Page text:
Oliver P. Coshow

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Oliver P. Coshow
Oliver P. Coshow 1910.JPG
Coshow circa 1910
23rd Chief Justice of the Oregon Supreme Court
In office
1929–1931
Preceded by John L. Rand
Succeeded by Henry J. Bean
53rd Associate Justice of the Oregon Supreme Court
In office
1924–1931
Preceded by Lawrence T. Harris
Succeeded by James U. Campbell
Member of the Oregon State Senate
In office
1905-1907
Personal details
Born August 14, 1863
Brownsville, Oregon Oregon
Died December 18, 1937(1937-12-18) (aged 74)
Spouse(s) Elizabeth Kay

Oliver Perry Coshow (August 14, 1863 – December 18, 1937) was an American attorney and politician in Oregon. He was the 23rd Chief Justice of the Oregon Supreme Court, serving on Oregon’s highest court from 1924 to 1931. The Oregon native earlier had served in the Oregon Legislative Assembly.

Early life[edit]

Oliver Coshow was born on August 14, 1863 in Brownsville, Oregon to Oliver, Sr. and Sarah Cochran.[1] His parents immigrated from Indiana in 1851.[1] After receiving his primary education in the local schools he attended the University of Oregon in Eugene where he graduated in 1885.[1] After graduation he worked in the retail filed in Roseburg, Oregon and Brownsville before studying law in Albany, Oregon.[1]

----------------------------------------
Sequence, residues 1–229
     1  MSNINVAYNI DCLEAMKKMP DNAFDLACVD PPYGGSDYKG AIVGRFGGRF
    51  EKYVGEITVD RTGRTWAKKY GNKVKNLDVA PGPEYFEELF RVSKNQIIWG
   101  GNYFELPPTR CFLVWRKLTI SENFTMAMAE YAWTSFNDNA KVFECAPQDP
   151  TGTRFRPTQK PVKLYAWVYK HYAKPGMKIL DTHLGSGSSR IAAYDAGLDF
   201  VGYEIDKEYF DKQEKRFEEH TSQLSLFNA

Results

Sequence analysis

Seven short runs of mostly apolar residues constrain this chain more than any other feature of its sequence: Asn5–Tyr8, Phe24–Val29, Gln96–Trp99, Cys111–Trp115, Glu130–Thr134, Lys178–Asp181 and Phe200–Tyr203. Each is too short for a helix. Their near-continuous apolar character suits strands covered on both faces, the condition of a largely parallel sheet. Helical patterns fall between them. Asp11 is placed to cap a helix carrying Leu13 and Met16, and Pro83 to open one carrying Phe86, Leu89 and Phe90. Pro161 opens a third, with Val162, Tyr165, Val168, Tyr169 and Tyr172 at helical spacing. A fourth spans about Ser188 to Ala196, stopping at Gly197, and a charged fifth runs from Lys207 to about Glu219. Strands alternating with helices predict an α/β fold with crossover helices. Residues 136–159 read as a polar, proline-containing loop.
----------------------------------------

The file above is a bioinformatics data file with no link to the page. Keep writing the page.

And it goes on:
Legal career[edit]

After passing the state bar in 1890, Coshow began practicing law in Albany for two years before moving to McMinnville, Oregon, where he practiced from 1892 to 1897.[1] He then moved back to Roseburg where he was in private practice from 1897 to 1924. During this time he was elected as a Democrat to the state senate representing Douglas County, serving from 1905 through the 1907 legislature.[2][3]

On January 15, 1924, Oliver Coshow was appointed by Oregon Governor Walter M. Pierce to replace justice Lawrence T. Harris on the Oregon Supreme Court after Harris resigned his position.[4][5] Coshow then won a full six-year term in 1924 and his term ended without re-election.[4] While on the court he served as chief justice from 1929 to 1931.[4]

Family[edit]

Oliver was married in 1886 to Elizabeth Kay of Salem, and they would have four daughters together.[1]

References[edit]

  1. ^ a b c d e f Corning, Howard M. Dictionary of Oregon History. Binfords & Mort Publishing, 1956.
  2. ^ Oregon Legislative Assembly (24th) 1907 Regular Session. Oregon State Archives. Retrieved on January 22, 2008.
  3. ^ Oregon Legislative Assembly (23rd) 1905 Regular Session. Oregon State Archives. Retrieved on January 22, 2008.
  4. ^ a b c Oregon Blue Book: Supreme Court Justices of Oregon. Oregon Secretary of State. Retrieved on January 22, 2008.
  5. ^ Oregon Blue Book: Oregon Governors. Oregon Secretary of State. Retrieved on January 22, 2008.